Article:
On February 4, 2012, Joseph Estabrook, auxiliary bishop of the Archdiocese for the Military Services, USA, died of pancreatic cancer. Bishop Estabrook was a close friend of The Word Among Us Partners. He served on its board of directors and was instrumental in helping to launch Partners’ outreach to service men and women. In honor of our good friend, we wanted to share this reflection, which he wrote just a month before his death.
A little over a year ago, while in the middle of a very active schedule, I fell ill and was diagnosed with pancreatic cancer. My prognosis was less than a year. I began treatment, receiving chemotherapy every two to three weeks. As you may know, pancreatic cancer cannot be cured and is usually a very stealthy and aggressive adversary. In my case, however, except for the unavoidable extreme fatigue, there were very few side effects. This allowed me to continue some pastoral work when I found the openings.
The cancer was contained quite well for most of the year. But about a month ago, all chemotherapy became ineffective. My doctors have been wonderful in providing pain management and many other forms of support.
Many people have asked how I’m doing. Here are a few insights I’ve had that might be worth sharing.
I’m Not Alone. Immediately after I was diagnosed, I stopped at a Catholic bookstore and found myself staring into the face of the late Joseph Cardinal Bernardin, as pictured on the cover of his 1997 book, The Gift of Peace: Personal Reflections. As I paged through the first few chapters, I was amazed to read how all of his experiences at the onset of his diagnosis of the same disease were exactly parallel with my own. I have since read his book many times, and he has been my constant companion from that moment until now.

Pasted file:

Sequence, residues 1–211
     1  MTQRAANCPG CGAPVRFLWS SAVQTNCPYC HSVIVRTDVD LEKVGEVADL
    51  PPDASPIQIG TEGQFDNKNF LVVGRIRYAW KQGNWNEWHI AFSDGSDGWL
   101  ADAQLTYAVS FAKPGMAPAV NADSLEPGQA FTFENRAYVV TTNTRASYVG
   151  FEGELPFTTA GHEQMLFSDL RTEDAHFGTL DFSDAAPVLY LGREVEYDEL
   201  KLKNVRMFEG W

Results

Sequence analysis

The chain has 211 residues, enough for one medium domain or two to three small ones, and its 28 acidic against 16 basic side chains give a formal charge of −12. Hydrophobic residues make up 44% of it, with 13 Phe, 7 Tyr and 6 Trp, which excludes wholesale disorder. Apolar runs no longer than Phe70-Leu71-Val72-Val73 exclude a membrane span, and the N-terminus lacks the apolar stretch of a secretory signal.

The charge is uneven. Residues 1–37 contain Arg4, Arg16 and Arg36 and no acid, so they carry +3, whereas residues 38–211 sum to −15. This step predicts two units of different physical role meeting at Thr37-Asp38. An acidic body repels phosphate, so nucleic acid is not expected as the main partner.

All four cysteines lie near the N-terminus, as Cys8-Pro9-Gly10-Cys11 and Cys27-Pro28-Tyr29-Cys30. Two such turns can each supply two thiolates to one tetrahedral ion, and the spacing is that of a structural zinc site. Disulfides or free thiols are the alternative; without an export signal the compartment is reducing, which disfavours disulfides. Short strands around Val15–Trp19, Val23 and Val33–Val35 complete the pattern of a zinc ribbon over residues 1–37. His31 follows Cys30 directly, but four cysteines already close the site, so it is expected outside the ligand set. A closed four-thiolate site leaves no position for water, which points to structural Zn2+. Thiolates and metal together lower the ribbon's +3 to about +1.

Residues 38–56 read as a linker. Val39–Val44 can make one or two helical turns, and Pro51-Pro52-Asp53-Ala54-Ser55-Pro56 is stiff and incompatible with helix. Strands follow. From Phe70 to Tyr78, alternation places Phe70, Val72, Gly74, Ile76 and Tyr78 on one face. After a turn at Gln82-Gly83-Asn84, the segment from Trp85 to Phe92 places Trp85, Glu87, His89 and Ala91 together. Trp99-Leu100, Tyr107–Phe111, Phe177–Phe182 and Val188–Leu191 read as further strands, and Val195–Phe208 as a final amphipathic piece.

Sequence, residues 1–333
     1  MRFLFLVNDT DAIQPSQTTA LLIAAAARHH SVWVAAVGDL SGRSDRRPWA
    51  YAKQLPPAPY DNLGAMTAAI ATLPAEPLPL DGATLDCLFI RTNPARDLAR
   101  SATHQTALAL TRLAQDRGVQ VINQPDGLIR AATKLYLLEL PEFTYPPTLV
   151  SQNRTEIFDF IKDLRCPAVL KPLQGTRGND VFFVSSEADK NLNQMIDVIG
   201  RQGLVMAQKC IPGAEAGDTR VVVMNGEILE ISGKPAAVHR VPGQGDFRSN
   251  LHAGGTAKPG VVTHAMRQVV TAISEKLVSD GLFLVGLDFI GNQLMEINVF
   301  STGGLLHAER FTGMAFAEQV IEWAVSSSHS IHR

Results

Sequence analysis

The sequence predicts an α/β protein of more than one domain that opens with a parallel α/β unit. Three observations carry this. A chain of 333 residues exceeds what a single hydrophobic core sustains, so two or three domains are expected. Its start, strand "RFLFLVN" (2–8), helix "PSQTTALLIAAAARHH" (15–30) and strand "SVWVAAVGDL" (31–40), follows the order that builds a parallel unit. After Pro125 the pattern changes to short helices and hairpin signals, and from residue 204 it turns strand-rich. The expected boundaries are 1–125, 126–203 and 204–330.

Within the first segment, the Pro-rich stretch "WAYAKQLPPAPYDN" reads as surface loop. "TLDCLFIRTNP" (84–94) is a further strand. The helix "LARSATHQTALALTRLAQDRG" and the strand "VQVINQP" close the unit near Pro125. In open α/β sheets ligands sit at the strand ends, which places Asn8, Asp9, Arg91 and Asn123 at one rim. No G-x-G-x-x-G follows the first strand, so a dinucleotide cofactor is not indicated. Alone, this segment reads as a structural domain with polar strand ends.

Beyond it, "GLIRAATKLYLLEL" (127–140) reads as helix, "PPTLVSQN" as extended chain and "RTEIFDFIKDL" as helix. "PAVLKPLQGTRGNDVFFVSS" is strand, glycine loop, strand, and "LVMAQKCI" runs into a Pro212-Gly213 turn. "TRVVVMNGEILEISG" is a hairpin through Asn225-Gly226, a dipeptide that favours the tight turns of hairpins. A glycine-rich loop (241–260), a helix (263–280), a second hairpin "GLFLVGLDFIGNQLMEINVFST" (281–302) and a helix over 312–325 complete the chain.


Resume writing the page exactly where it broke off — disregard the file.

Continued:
This leads to my first insight: none of us, especially those of us who are disciples of the Lord, enter into this final part of our journey alone. One may feel isolated at times but, if anything, the intensity of the Christian community becomes almost overwhelming.
It starts with the powerful presence of the Lord himself, when, in the flash of seconds, your future is laid before you. You can actually feel the Lord take your hand and hear him say the words “Do not be afraid.” It’s as if the Lord brought me to Cardinal Bernardin—a companion to walk with and to hear when I needed words of support and inspiration from someone who went through what I was going through.
Then the Christian community, in ways you never imagined, gradually begins to appear all around you—as it were, out of nowhere. Some who were distant are more present, and those who were close become even more alive and connected. That support is quite amazing.
Come and See. Second insight: This new kind of powerful presence of the Lord helps you understand that you yourself become a presence to others. Opportunities to share the essence of who you are and what you believe become prominent.